Shut down the government?
If Shakespeare were alive today, besides being the oldest person in the world, I am pretty sure he would not ask the question, “To shut down or not to shut down?”
But Shakespeare is history and the question of whether to allow the federal government of the United States to come to a screeching halt is the talk of television news shows and the opinion sections of newspapers.
Of course, the working people of the country don’t have the time or inclination to worry about whether Uncle Sam stops or not. They would not notice it. They are too busy trying to make a living, while paying the taxes that support our bloated and blind uncle.
While these hard-working Americans have their noses to the grindstone in an effort to keep those noses above water, the politicians in Washington keep whistling merrily as they walk past the graveyard. One has to laugh to keep from crying.
I think farcical when I think of the actions of Washington. The dictionary defines farce as comedic, ludicrous, empty and absurd. The actions of those adults who are supposed to be working for us would be much funnier if the stakes weren’t so high. Here is a little of the absurdity that joins with the comedic.
Republicans and Democrats are stepping all over each other to claim the most serious attitude toward doing the right thing as it pertains to the economic plight of our country. Both sides want their constituencies to know how concerned they are. Smiling is out; seriousness is in. Spending cuts must be made.
As National Public Radio’s financial show, Marketplace, would say, “Let’s do the numbers.”
We don’t have a budget to work with because Congress never passed one. That’s always a good way to begin approaching a financial challenge. If the goal is to live within the means, the means would seem to be an excellent place to identify, but that’s not my point today.
My point is to let you know just how serious Uncle Sam is about getting this financial house in order. Since we don’t have a budget, we will use the actual spending levels from the 2010 budget as our starting point. That’s what Congress has been doing for a while. They have been simply continuing with that level of spending from 2010.
By the way, I looked up the 2010 Federal Spending Request sent to the Congress by President Obama and saw many things that were interesting, but one, in particular, that made me laugh. I guess presidents have to give a name to everything and the official name for his 2010 Spending Request was “A New Era of Responsibility: Renewing America’s Promise.”
Did you catch that first part? “A New Era of Responsibility.” I don’t think President Obama is too different from other politicians, unfortunately, but how one could include the word “responsibility” in a budget that included an initial (it would grow) deficit of over a trillion dollars is pretty funny.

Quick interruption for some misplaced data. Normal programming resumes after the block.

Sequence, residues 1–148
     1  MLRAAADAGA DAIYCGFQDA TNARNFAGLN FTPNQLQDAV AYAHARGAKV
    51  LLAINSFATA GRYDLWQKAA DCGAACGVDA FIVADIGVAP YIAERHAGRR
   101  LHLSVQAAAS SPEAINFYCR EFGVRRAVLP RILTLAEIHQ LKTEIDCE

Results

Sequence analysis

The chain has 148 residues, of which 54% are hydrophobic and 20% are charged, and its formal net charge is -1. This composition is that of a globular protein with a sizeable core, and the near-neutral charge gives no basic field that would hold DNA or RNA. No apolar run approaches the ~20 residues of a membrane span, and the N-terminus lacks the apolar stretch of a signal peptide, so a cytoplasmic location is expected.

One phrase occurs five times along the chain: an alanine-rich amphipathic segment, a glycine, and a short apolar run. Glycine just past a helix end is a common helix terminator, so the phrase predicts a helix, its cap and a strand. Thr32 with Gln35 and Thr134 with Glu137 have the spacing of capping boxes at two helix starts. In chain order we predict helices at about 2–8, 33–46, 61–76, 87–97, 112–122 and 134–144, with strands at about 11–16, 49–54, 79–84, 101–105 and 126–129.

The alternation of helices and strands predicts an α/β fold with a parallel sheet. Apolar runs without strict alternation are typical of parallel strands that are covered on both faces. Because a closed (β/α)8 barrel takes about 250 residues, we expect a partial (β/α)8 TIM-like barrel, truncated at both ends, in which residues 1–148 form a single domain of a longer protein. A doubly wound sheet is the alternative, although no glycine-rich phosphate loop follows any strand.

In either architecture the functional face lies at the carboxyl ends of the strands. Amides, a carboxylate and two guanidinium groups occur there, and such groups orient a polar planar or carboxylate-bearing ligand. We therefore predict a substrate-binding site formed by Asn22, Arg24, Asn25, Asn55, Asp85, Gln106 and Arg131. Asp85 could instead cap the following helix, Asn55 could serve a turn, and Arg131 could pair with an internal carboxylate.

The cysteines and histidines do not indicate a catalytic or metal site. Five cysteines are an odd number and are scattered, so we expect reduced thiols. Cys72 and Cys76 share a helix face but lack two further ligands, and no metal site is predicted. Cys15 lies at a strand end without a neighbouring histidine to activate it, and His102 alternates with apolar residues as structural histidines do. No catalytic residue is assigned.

Just say your business had revenues of $1 million dollars. You sit down and figure out a budget of expenditures and come up with expenditures that total $1.5 million. Now, you place a name on this budget and decide to call it “My Responsible Budget.” Somebody needs to explain, to you, the word “responsible.”
Someone also needs to explain that word to Washington. They are really wrangling up there over a few billion dollars. The Republicans want to cut $61 billion from the rest of this year’s budget (which we don’t have).
The Democrats say that is too much and without any compassion to the people who need it most. They propose cutting $33 billion. They are arguing over these amounts and, if there is no compromise, no agreement, a government shut-down will result.
In essence, they are straining at a gnat while asking the American taxpayer to swallow a camel. The amount of spending that is occurring right now is at the pace of almost $4 trillion, while we are bringing into the government coffers a bit over $2.5 trillion. Our deficit this year should be about $1.5 trillion!
But don’t you worry your little minds, our leaders are going to cut some spending. They may cut $61 billion if one side gets its way. If they compromise, we may have to whittle it down by only $33 billion. Let’s put that into perspective.
Imagine a five-gallon bucket of water. Now, take a thimble if you know what I’m talking about. Dip that thimble into the bucket of water and take it out. That’s my simple analogy of the amount of proposed cuts and it doesn’t matter if it is $61 billion or $33 billion. Add them together, and then take out two thimbles full of water. Our paid politicians are really serious. I’m thinking that the foxes are watching over the hen house.
I don’t really know what would happen if the government were to shut down. Maybe it would be disastrous. Maybe we wouldn’t even know it.
When I first heard the threat, I thought about that mid-1990s showdown when Newt Gingrich was House Speaker and he was leading the newly elected majority Republicans. Then President Bill Clinton called their bluff and the Republicans came away looking foolish.
I don’t want either side to look any more foolish than they do now, if that is possible. Here is what I want. I want a reasonable budget that is based upon balancing what comes in with what goes out. Is that too much to ask?